The Dead: Book 5 (frag. 6)
But I said, Alas, Lord, I am no son of thine but the servant of Tash. He answered, Child, all the service thou hast done to Tash, I account as service done to me...unless thy desire had been for me thou wouldst not have sought so long and so truly. For all find what they truly seek.
THE PROPHET'S EYES RESTED ON HER, and he looked sad.
He stretched forth his hand, over her.
There was a hole in it.
She was swamped by wave of guilt and relief and remorse and fear. It had all been a test, a final test of her faith, and she had failed.
How had she been so stupid? So faithless? So bad ?
Jesus shook his head.
"Oh ye of little faith—I expected better of you, Melanie."
She hung her head.
"I'm so—so very, very sorry, Lord. I tried to believe. I really did."
She waited, for her punishment.
"You allowed your reason to take you where faith should not go. Lift your head, child. Look at me."
She raised her eyes. He was smiling, sadly.
"Do not fear. It was no test—only a challenge. And you have learned from it. There is only one thing needful, and you did that when you were six years old, in Sunday school. Remember?"
Hope washed over her, and she nodded.
"I prayed, with Mrs. Stowry. I hardly understood what it meant."
"You accepted me as you lord and savior. Nothing else matters. Everything else is forgiven, because of that."
Could it be? It was all true? She was going to Heaven, and so was Tom, and so were the children! They would be together there, for all eternity. And all because they had said that simple prayer!
It was wonderful beyond belief. For the world to be so simple, so safe, for everything to be so...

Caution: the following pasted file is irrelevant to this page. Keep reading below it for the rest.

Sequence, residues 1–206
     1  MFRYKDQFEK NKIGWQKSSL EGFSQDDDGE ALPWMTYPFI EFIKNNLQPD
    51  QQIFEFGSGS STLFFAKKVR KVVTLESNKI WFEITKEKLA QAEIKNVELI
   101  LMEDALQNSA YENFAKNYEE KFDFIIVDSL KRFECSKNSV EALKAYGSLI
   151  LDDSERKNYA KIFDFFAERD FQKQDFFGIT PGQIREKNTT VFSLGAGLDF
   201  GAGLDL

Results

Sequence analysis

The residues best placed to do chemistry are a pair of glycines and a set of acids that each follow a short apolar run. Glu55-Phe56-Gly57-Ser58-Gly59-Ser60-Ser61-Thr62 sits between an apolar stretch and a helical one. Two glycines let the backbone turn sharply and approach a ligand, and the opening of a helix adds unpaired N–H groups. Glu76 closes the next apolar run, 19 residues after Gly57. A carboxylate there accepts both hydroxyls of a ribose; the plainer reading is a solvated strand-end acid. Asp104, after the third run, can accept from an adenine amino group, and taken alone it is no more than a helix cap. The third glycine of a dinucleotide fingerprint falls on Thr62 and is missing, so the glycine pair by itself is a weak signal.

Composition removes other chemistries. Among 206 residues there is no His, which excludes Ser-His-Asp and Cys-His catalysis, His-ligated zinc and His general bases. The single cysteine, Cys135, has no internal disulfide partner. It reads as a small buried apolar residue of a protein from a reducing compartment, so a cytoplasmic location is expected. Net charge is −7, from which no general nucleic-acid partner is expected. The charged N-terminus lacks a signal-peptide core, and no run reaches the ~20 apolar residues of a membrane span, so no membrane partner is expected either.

And then she thought of Maryam.
She turned to look at her, and Jesus followed her gaze.
"And you, Maryam, what do you have to say for yourself?"
She returned his gaze with a brief and friendly smile, still serene.
"I was mistaken about some things, I see. I hope that I was not mistaken about the most important thing."
"And what was that?" he asked.
"The goodness of God."
"No." He said. "You were not mistaken about that."
She smiled again, gently.
"Then I have no fears."
He shook his head.
"You should have. And you will. For the goodness of God is the very thing that separates him from you."
A question crossed her face. He continued.
"Let us be clear, for the sake of the witnesses. Did you, Maryam, in your lifetime on Earth, accept me as your lord and savior?"
She gave her head the tiniest shake.
He lifted his staff.
"Then you must pay."
He stamped his staff once on the ground, and the pavings cracked. The crack spread until it was a great chasm, at Maryam's feet.
She pitched forward, and fell, twisting, into the darkness below, and the darkness below that, and below that, forever, until her screams were swallowed by the endless flames and tortures of hell.
Melanie wondered, as she watched the fissure close, if she could ever be happy—even in heaven with her family—knowing that her friend was suffering eternal agony in Hell. It all seemed so pointless and miserable.
But Jesus smiled, and wiped the tears from her chin and her cheeks and her eyes, and suddenly she was joyful.
She still remembered Maryam, and what had happened to her, but it no longer caused her the least bit of sorrow or pain or regret.
The angels escorted her to her place in the choir, where she found that she already knew the words and the music, and where she would stay, singing his praises endlessly, with perfect joy, forever and ever and ever, without end.